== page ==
Following the Nitrogen to Find the Septic Tanks
I thought I knew Calvert County well. I had been a 2015 summer intern in Solomons, Maryland, at the Chesapeake Biological Laboratory (CBL) as part of Maryland Sea Grant’s Research Experience for Undergraduates program. My fellow interns and I hiked in Calvert Cliffs, made weekend trips to Chesapeake’s Bounty market for local produce, and repeatedly traveled through the county on the way to and from Horn Point Laboratory on the Eastern Shore. Now, as a master’s student at CBL working on a research project about septic systems, I’ve been exposed to a different side of Calvert County— suburbia.
Too much nitrogen is entering the Chesapeake Bay, decreasing water quality and harming the Bay ecosystem. Nitrogen is a nutrient, so too much nitrogen can cause harmful algal blooms. Algal blooms not only block light from reaching underwater vegetation; algae also die and decompose, a process that removes oxygen from the water, killing and stressing other aquatic life. My research team’s project is investigating the backyard septic systems that store household sewage, one of many sources of nitrogen that flow into the Bay. The purpose of our project, the Septic Tracer Project, is to develop a method to identify if septic wastewater is in streams and what amount of nitrogen in waterways comes from septic wastewater.
To decrease nitrogen input to the Bay and its tributaries, there has been an effort in Maryland in recent years to make sure septic systems are working properly. These include traditional, backyard, underground septic systems in “Critical Areas,” defined by the state as land within 1,000 feet of tidal waters and wetlands, and also some failing traditional systems outside these areas are being replaced with septic systems that use advanced technology—biological processes that can remove nitrogen. As part of the project, we are comparing the two kinds of septic systems to address doubts raised by some members of the public about the effectiveness of nitrogen-removing septic systems.
My advisor, Dr. Michael Gonsior (bottom), faculty research assistant in Dr. Lora Harris’ lab, Mindy Forsyth (middle), and the author (top) sampling Cocktown Creek in Calvert County. Credit: Dr. Andrew Heyes
I knew I wanted to study water contamination in graduate school. For me, this has meant an academic field shift from geology to environmental geochemistry. Coming into graduate school, I had some background in oil spill research from my junior year of undergrad and in studying methyl mercury during my internship at CBL. But most of my research background was on ocean oxygen concentrations around 480 million years ago. It has been a big jump to now study water quality issues affecting Earth’s current ecosystems. Although I do sometimes miss rocks, I love that I am now working on a project so relevant to public and environmental health.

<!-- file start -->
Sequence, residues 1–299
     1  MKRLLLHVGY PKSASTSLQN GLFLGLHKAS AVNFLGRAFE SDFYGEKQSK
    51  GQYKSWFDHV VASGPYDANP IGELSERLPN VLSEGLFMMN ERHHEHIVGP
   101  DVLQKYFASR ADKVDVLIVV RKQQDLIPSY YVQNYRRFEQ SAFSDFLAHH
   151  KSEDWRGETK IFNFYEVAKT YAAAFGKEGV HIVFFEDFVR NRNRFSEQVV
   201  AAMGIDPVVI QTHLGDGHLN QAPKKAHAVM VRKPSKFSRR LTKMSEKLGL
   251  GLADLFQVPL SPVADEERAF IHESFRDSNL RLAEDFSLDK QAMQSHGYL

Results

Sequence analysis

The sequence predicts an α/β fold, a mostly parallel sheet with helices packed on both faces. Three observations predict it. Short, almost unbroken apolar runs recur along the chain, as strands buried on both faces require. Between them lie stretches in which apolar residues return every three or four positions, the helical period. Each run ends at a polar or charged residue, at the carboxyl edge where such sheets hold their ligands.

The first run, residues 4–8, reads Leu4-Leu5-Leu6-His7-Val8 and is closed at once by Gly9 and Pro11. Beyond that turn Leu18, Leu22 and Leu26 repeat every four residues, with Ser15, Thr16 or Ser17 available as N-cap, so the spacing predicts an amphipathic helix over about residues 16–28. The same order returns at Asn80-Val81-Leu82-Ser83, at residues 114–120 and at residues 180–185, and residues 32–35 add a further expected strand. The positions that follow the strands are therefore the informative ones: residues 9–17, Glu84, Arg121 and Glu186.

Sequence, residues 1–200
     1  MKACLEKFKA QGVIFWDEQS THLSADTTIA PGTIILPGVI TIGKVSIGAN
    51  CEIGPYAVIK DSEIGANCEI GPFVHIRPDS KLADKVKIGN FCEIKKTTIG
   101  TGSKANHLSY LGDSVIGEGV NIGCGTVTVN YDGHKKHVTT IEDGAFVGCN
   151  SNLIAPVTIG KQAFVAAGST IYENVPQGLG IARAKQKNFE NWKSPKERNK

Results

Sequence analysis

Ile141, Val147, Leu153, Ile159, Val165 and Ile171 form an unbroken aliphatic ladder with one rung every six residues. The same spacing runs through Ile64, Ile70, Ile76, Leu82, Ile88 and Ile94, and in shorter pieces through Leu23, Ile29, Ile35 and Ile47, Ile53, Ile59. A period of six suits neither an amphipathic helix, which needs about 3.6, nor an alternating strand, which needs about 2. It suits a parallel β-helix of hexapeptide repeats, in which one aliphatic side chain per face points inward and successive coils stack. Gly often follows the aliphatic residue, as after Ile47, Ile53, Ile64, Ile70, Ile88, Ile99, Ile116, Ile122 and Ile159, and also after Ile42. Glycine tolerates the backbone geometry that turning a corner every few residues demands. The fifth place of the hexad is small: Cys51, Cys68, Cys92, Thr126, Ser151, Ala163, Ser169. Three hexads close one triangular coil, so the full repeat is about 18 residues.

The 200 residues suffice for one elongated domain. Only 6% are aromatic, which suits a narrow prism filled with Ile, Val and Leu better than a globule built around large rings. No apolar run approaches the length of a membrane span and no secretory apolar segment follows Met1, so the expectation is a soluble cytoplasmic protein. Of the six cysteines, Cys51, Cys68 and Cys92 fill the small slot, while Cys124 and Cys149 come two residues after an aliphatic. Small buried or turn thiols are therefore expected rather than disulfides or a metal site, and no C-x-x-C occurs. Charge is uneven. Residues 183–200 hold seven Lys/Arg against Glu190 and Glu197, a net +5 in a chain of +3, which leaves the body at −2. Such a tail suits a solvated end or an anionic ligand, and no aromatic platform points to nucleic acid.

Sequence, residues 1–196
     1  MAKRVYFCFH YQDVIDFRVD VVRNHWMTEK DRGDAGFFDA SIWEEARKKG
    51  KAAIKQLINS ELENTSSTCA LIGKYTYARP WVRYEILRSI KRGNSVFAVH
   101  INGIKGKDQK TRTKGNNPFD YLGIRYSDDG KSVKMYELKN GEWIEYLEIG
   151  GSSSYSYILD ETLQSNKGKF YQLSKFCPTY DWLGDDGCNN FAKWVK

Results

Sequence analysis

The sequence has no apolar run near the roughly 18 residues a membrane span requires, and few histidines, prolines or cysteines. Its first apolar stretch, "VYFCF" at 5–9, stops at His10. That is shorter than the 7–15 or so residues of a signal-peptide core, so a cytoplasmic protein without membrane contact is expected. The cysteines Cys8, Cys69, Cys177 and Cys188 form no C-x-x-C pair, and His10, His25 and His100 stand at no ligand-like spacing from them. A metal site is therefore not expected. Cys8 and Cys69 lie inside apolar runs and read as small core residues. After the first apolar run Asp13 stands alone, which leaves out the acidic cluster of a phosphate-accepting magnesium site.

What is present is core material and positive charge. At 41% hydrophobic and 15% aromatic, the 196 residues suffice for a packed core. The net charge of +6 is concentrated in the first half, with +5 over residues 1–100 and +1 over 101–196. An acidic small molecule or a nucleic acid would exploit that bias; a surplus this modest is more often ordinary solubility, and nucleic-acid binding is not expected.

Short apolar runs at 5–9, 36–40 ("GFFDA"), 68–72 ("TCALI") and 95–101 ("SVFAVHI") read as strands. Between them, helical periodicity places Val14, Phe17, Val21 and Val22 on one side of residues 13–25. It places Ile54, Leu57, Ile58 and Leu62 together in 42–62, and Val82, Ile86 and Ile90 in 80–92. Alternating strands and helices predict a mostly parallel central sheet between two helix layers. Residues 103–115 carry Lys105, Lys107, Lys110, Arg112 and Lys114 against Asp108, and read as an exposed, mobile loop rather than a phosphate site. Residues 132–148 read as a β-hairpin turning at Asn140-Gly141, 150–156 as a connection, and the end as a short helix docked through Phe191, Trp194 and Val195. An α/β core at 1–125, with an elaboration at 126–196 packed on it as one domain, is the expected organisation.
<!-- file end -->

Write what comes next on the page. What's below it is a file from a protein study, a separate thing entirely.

When I moved to Southern Maryland and began research in August 2016, my first task was to finalize the nine stream sites we would sample for our research project. They included three forested sites known to have very little to no influence from septic systems, three sites with predominately traditional septic systems, and three sites with predominately nitrogen-removing systems. While consulting maps provided by environmental planners from Calvert County, I was surprised by the extent of recent neighborhood development in the region and that almost all these new developments use septic systems. Recently constructed housing developments were easily identifiable by clusters of dots on the maps symbolizing nitrogen-removing systems.
We collect water samples from study sites two days each month, returning to the lab each afternoon to process and store the samples. Other than children who explore their neighborhoods, many of the residents of these developments are probably unaware of the small streams flowing through nearby gullies. While all septic stream sites are bordering or at the heart of suburbs, they are surprisingly diverse in terms of the amount of flow and water characteristics. In some places we sample, the stream is only 2 feet wide. After a long period without rain during the summer, I worried we would arrive to find these streams completely dried up. In contrast, our largest, and also muddiest, site is around 13 feet wide. One site’s water has a consistent orange tinge that appears to be from iron-oxidizing bacteria. Other sites are dark brown from plant material, while others are always perfectly clear.
We have completed ten months of our planned year of stream sampling, and as the seasons have changed, the ease of accessing certain sites has varied. I can easily walk to some, but others require me to bushwhack; I have emerged with some scratches, a bit of poison ivy rash, and ticks to pick off. When not collecting water samples, I have processed the water for numerous measurements and worked to develop methods to quantify chemicals that would indicate the presence of human wastewater, namely things in soaps, artificial sweeteners, and medicines. With a full year of collected stream data we will be able to see any seasonal changes in nutrients, different chemical forms of nitrogen, and the influence of septic systems.
We are currently beginning the second part of data collection, getting water directly from residential septic systems instead of just nearby streams. We will try to sample treated septic wastewater as it leaves the tank and enters the system’s drain field, where the water percolates into the ground. Finding a way to do this means selecting specific models of septic systems and hoping the survey diagrams we have are accurate.
Photo, top left: We use a caulk gun to more quickly filter small volume water samples in the field. Credit: Mindy Forsyth